Mr. Neufeld appealed. The Court of Appeal for British Columbia allowed the appeal and reinstated Mr. Neufeld’s defamation claim. Among other things, the Court of Appeal faulted the lower court for “not consider[ing] the potential chilling effect on future expression by others who might wish to engage in debates on this or other highly charged matters of public interest—that is, the risk that people would withdraw or not engage in public debate for fear of being inveighed with negative labels and accusations of hate speech with no opportunity to protect their reputation”. In other words, because allowing Mr. Neufeld’s lawsuit to continue would avoid “chilling” expression who might wish to express views like his without risking vociferous condemnation, the public interest in protecting Mr. Neufeld’s defamation claim outweighed the public interest in protecting Mr. Hansman’s expression.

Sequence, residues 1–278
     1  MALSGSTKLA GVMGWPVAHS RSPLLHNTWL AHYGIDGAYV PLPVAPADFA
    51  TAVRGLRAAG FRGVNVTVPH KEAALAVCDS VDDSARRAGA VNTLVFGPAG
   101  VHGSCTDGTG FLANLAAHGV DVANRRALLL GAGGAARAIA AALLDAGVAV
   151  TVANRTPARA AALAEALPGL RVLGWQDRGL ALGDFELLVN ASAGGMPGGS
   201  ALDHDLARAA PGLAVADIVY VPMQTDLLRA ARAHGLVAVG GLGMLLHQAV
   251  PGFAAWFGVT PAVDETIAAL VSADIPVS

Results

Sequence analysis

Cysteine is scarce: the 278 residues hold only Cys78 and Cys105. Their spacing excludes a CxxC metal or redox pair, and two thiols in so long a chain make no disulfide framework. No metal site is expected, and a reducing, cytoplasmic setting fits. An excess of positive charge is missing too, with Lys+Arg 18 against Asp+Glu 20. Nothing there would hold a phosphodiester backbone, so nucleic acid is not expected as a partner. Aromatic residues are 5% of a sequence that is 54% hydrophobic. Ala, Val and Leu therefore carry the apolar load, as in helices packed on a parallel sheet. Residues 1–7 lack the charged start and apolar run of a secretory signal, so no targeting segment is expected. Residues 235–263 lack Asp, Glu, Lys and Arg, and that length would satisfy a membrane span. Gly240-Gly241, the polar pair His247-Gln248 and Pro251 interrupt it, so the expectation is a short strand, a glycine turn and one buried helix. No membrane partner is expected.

Mr. Hansman sought and obtained leave to appeal to the Supreme Court of Canada. On May 18, 2023, by a 6-1 majority, the Supreme Court reversed the Court of Appeal’s decision and dismissed Mr. Neufeld’s action.
The Supreme Court of Canada’s judgment is important for at least three reasons. First, it affirms the dignity and equality interests of trans individuals under Canadian law. Second, it recognizes the importance of “counter-speech” to vulnerable groups, including 2SLGBTQI+ people, and thus the weighty public interest in protecting such “counter-speech”, to which the defence of “fair comment” will often apply. Third, it confirms that, even if ending Mr. Neufeld’s lawsuit discouraged others from expressing views like his, this is not a “chilling effect” that warrants allowing his claim to continue.